Active Ingredients

Oxybutynin – Effect, Application & Risks

Oxybutynin

The active substance oxybutynin belongs to the anticholinergics . It is structurally related to the alkaloid atropine .

What is oxybutynin?

Oxybutynin belongs to the group of anticholinergics and parasympatholytics. The remedy is used to treat a strong urge to urinate or bedwetting at night . The smooth muscles of the bladder are relaxed and the urge to urinate is reduced, which means that the patient no longer has to empty his bladder as often.

Oxybutynin has been used in Europe since the late 1980s. Since 2007 there have been transdermal patches in addition to tablets. Drug forms are also available in the USA that are not approved in Europe. These are gels that the patient applies to the skin, allowing the active ingredient to enter the bloodstream .

Structurally, oxybutynin is a racemate related to atropine. The tertiary amine occurs in the pharmaceuticals as oxybutynin hydrochloride or oxybutynin. Oxybutynin hydrochloride is a crystalline, whitish powder that can be easily dissolved in water.

Pharmacological action

Oxybutynin belongs to the active ingredient group of spasmolytics, which have an antispasmodic effect. The remedy is able to act on both muscles and nerves . The body’s own neurotransmitter acetylcholine is thus displaced by its receptors , which are located on the parasympathetic nervous system . The parasympathetic nervous system belongs to the main nerves of the autonomic nervous system .

By inhibiting the muscarinic M-acetylcholine receptors, relaxation of the smooth muscles of the bladder is achieved. This effect causes excessive tension in the bladder muscles to relax. In this way, the urinary bladder has more capacity. As a result, the patient feels less urge to urinate and suffers less frequently from the uncontrolled loss of urine . Furthermore, oxybutynin inhibits sweat gland secretion.

Medical Application & Use

Oxybutynin is mainly used against different forms of urinary incontinence . The people affected primarily suffer from excessive tensing of the urinary bladder muscle, which is usually noticeable at night. In addition, involuntary leakage of urine can occur.

Other areas of application for oxybutynin are nocturnal bedwetting (enuresis nocturna), a spastic neurogenic urinary bladder, hypersensitivity in the bladder wall muscles due to neurogenic disorders, and an unstable bladder in women.

There are also uses for oxybutynin that are not yet fully approved. The anticholinergic is also administered as an off-label treatment for hyperhidrosis (excessive sweating ). However, this area of ​​application is not approved in all European countries.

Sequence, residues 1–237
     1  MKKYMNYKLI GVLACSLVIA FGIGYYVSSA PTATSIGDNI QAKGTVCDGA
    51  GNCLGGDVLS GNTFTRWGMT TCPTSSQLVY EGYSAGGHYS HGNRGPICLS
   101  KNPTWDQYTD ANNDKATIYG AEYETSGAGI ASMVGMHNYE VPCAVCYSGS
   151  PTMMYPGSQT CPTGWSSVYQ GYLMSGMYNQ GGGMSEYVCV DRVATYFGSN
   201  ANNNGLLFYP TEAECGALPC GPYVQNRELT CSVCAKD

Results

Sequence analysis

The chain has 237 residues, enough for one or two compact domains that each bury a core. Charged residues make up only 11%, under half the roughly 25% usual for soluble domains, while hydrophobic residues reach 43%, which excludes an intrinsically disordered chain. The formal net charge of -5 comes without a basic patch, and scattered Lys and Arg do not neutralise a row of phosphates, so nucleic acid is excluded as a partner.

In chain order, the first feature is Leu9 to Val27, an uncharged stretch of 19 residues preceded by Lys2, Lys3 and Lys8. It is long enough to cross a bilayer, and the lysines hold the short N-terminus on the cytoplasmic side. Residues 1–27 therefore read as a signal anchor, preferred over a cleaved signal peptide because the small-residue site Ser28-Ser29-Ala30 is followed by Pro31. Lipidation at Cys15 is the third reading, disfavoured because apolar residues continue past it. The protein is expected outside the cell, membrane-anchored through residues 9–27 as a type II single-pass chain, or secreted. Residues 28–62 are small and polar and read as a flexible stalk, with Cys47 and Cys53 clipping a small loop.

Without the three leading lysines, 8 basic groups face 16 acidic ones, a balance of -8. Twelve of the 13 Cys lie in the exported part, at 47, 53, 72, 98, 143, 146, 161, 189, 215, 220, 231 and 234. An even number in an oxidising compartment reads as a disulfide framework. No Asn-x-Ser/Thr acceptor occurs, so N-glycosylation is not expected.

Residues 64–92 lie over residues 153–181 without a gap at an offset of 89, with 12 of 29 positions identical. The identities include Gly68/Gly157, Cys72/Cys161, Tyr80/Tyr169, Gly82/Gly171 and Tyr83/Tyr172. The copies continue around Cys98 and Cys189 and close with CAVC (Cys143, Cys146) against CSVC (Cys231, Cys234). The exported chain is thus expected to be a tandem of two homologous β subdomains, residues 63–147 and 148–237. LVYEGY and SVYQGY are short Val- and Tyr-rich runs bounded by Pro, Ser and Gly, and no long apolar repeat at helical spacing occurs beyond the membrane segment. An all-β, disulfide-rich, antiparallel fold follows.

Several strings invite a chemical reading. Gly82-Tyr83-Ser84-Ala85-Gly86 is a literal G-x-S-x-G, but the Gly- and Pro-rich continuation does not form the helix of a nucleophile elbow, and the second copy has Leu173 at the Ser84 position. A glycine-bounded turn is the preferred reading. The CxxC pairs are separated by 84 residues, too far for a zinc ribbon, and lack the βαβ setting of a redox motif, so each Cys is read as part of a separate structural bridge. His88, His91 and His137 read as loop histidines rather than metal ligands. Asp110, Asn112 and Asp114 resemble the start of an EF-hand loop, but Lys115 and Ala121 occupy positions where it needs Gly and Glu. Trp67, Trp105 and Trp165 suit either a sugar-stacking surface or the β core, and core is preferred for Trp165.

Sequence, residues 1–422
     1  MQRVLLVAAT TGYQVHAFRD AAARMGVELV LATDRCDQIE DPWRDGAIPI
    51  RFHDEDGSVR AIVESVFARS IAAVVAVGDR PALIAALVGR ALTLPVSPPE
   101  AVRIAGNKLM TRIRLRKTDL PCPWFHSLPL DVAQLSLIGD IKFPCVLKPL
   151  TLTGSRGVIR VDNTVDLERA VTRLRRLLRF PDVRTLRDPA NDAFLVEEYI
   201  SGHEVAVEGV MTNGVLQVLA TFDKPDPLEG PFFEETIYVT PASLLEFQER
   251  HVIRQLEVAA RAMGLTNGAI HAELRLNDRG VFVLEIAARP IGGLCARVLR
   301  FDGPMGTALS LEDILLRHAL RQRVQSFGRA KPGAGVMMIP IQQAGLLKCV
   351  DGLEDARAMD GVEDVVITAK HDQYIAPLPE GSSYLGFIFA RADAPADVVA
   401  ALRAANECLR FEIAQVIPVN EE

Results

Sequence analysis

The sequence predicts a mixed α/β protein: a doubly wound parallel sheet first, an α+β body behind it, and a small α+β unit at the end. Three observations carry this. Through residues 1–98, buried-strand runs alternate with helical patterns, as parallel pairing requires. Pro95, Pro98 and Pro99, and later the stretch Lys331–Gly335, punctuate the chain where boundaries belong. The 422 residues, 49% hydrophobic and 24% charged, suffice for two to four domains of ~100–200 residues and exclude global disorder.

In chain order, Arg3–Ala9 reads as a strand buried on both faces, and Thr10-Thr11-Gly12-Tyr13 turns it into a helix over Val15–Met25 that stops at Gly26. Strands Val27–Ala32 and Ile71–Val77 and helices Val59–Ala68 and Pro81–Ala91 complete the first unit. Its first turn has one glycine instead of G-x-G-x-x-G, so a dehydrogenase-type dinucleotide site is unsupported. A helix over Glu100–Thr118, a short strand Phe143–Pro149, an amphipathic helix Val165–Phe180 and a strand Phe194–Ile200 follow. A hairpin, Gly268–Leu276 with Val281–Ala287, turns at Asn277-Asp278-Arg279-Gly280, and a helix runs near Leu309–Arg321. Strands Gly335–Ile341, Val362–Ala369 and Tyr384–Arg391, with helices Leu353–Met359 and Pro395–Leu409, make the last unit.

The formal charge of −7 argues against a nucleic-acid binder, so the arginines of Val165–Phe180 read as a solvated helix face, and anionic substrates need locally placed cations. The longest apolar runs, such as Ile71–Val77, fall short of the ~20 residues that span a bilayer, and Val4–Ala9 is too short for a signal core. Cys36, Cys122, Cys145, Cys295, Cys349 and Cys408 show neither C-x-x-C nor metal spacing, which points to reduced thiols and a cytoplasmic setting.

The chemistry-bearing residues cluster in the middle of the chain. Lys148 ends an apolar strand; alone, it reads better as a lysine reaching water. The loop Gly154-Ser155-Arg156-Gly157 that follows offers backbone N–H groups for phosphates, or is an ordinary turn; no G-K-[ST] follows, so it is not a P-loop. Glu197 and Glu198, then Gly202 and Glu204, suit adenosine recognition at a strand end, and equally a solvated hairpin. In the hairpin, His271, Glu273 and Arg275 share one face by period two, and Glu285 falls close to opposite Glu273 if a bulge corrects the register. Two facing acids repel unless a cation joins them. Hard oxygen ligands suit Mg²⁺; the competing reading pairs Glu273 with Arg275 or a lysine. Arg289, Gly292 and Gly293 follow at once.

In most cases, oxybutynin is taken in the form of tablets. The recommended dose in the early stages is half a tablet three times a day. In the further course of treatment, the daily dose is half to one tablet. Later, the lowest dosage is recommended. If necessary, the dose can be increased to one tablet four times a day. Children over the age of five can also take oxybutynin. The recommended daily dose is half a tablet twice.

Risks & side effects

In some patients, the use of oxybutynin results in undesirable side effects . However, these do not show up in everyone. In most cases, the people affected suffer from constipation , dry mouth , increased heart rate , heat build-up, cardiac arrhythmias , tachycardia , extensive swelling of the skin and mucous membranes , facial swelling , tiredness , dizziness , urinary retention , skin rashes ,impotence , nausea , vomiting and loss of appetite .

Blurred vision , sensitivity to light , dilation of the pupils , reduced tear flow , problems with urination , headaches and allergic skin reactions are also possible. In rare cases, anxiety disorders at night or confusion also appear .

With long-term use of oxybutynin there is a risk of gum disease, tooth decay or a yeast infection in the mouth .

The administration of oxybutynin does not make sense if the patient suffers from hypersensitivity to the drug. Other contraindications are urinary flow disorders due to a narrowing of the urethra or a benign enlargement of the prostate (prostate gland), urinary urgency and nightly urination due to kidney weakness or cardiac muscle weakness , gastrointestinal diseases , an intestinal obstruction (ileus) or ulcers of the colon .

The use of oxybutynin during pregnancy and lactation is not recommended. The drug is not suitable for children under the age of five.

There are also some interactions with other medications to consider. The effect of oxybutynin increases when other anticholinergics or anti-Parkinson drugs such as amantadine are taken at the same time . The same applies to atropine , neuroleptics such as butyrophenones or phenothiazines , quinidine , H1 antihistamines and tricyclic antidepressants .

The oxybutynin effect can be prolonged by using antifungal agents such as itraconazole or ketoconazole and macrolide antibiotics such as erythromycin .

Lisa Newlon
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Hello! I am Lisa Newlon, and I am a medical writer and researcher with over 10 years of experience in the healthcare industry. I have a Master’s degree in Medicine, and my deep understanding of medical terminology, practices, and procedures has made me a trusted source of information in the medical world.